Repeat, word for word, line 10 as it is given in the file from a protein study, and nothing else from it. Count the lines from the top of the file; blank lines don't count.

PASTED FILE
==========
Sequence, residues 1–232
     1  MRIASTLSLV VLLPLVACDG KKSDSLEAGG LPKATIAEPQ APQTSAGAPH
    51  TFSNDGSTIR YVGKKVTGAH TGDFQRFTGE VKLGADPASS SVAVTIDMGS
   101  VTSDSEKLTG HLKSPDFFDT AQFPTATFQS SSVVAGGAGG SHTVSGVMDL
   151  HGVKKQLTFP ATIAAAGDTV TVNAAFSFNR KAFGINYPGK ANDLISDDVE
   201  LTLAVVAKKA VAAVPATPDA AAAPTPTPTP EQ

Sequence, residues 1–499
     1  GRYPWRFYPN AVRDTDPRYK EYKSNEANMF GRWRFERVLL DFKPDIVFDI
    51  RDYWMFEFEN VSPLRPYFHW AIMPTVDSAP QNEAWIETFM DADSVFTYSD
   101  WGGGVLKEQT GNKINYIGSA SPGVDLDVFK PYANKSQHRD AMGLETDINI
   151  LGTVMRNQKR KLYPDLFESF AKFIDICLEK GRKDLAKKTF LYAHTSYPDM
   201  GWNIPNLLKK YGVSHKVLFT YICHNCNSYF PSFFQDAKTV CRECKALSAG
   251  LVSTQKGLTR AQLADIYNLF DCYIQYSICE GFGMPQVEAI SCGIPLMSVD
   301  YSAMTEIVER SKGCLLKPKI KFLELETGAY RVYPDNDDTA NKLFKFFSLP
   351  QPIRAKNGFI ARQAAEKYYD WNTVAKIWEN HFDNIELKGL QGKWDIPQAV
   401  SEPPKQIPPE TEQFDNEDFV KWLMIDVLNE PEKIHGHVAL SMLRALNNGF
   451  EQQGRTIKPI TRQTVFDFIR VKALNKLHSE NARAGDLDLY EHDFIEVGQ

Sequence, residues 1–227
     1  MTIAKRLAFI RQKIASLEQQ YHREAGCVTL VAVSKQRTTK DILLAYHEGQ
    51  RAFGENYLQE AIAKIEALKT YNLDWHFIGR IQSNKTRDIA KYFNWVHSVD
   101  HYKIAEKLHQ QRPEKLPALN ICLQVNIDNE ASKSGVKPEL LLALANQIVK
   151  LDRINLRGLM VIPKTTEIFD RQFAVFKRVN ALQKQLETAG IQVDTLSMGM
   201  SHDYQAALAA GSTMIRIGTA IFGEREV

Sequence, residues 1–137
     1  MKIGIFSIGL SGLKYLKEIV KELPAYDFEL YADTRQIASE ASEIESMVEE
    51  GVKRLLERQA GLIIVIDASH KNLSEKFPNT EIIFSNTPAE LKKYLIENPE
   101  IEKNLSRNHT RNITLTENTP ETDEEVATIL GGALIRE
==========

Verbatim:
   101  WGGGVLKEQT GNKINYIGSA SPGVDLDVFK PYANKSQHRD AMGLETDINI